Originally written and published in May 2006, this piece was taken down for various reasons, but is now being re-posted for posterity.
It’s been a year, people.
A whole fuckin’ year. I can’t believe it. Twelve of the longest, busiest and possibly the most significant months of my life.
A little more than twelve months ago, I had an epiphany. I suddenly broke out of my 6-8-year denial that there was something seriously amiss in my marriage. There had been little to no sex. The communication was atrocious. I was angry and bitey all the time. He was moody and passive-aggressive. I felt stifled and repressed by his control-freakishness and financial OCD. He felt strained by my constant complaining and criticisms.
And somehow I managed to convince myself that this was a perfectly acceptable state of affairs. For more than 7 years!!
The epiphany came hot on the heels of a ton of weight loss. At the end of a particularly vicious row, he’d said something along the lines of:
“You know, I don’t know if I have the strength for this any more.”
I’d said: “Strength for what?”
And he’d replied: “This. Us. Our marriage.”
It wasn’t the first time it had been said, although I’d never been the one to say it.
I’d let his control-freakishness override me until I’d become such a shadow of my former self; so much so that I could barely make a decision without his say-so. I resented his hold over the household, and I yearned for more freedom to do things according to my set of priorities, which never happened without a huge row. CH was impossible to talk to in those days, although I suppose he saw me in much the same way.
This says as much about me as him, though. In no way do I attribute the problems in my marriage to CH alone. It takes two to tango, after all. And we were dancing the Tango of the Dying Marriage. In perfect rhythm.
Twelve months ago, I looked my husband in the eye and said to him: “I don’t think I love you, and I don’t know if I want to be married to you anymore.”
And then a week later, I met G. The first man to kiss me who wasn’t my husband since 1994. The first man to show that he found me attractive since then. The first time I’d wanted to have another man find me attractive since then. Rebound? No shit. I might as well have bought myself a length of bungee cord.
G and I were so very, very wrong for each other. He lives in a different country to me. He’s not of the same faith as I. He’s married. With 3 children from his first marriage. He’s a cross-dresser, and quite openly bisexual.
Not the most vanilla of packages, you might argue.
We began a whirlwind romance when he visited the offices of the company where I work for a training course. We chatted and talked and then went out for a drink (a cup of tea, since you ask). And then, I dropped him back at his hotel, and when he came to say goodbye, we kissed. And that’s how it started.
The affair lasted a whole month, and both of us got ridiculously carried away. I was the first person to whom he come out, after his ex-wife and his current wife. This placed me in no insignificant position in his eyes. We fell in love — him because I was so accepting of him, and me because I was dying to escape the hell through which I was living.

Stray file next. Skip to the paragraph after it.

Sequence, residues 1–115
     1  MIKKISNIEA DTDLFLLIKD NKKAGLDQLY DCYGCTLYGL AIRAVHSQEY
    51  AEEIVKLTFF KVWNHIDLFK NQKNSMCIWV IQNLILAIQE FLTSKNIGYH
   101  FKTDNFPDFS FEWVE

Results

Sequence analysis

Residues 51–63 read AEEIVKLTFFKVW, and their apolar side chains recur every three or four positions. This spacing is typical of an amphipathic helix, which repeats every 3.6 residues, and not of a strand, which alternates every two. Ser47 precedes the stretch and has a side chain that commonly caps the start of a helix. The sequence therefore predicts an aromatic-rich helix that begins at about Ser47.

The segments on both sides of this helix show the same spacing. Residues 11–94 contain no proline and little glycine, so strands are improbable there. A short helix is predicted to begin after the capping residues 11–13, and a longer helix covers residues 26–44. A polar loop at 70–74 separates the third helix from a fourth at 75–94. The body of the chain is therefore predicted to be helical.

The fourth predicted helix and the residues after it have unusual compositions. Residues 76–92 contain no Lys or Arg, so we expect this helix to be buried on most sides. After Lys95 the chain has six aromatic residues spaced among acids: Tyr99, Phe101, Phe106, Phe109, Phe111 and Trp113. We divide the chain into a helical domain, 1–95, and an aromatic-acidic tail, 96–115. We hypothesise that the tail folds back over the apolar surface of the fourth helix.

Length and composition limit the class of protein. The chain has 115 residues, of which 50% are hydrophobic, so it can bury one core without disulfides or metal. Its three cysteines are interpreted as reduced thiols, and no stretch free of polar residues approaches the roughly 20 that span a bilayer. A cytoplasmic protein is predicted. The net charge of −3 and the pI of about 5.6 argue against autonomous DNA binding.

We built plans like castles in the air — how he’d leave his wife, how he’d come and live here, what he’d do when he did, how I’d leave CH…
He decided, out of the blue, in early May, to tell his wife that he was sorry, but he’d met someone else and fallen in love with her. I thought nothing of this. Very, very foolishly, I say with the clarity of hindsight. I simply presumed that we were “meant to be”, and that this was a natural progression, and it had to happen one day, and better sooner than later. He did it because, according to him, he felt terribly guilty at deceiving his wife — a woman who I have never met but who he told me had very low self-esteem, and who he still loved but not in nearly as passionate a way as he loved me.
Naturally I felt superior to this female — my arrogance was quite astonishing, actually. I truly believed that she’d roll over and acquiesce to the fact that her husband of less than 2 years was leaving her for a younger women (she is 5 years older than G, who is 9 years older than I).
This, of course, didn’t happen.
G told her, and she went ballistic. I cannot blame her. As a direct result, G sent me a text message that said: “Force 9. V. Bad. Can’t split. Sorry. So hard, so bad.”
My immediate reactions are detailed in this post, on the blog that he and I had together. Justifiably, I was furious. I felt betrayed, humiliated, stupid, let-down, naive, foolish, immature… A prize idiot, basically. How could I have fallen for his bullshit? How? How?
And that was May 13th. On May 15th, I started Emerging on the Other Side as an antidote to how I felt, and in an attempt to re-order my life and make sense of this cataclysmic chain of events. How was it that a sensible, intelligent, mother-of-two had suddenly gone completely off the rails like that? And what the fuck was up with my marriage?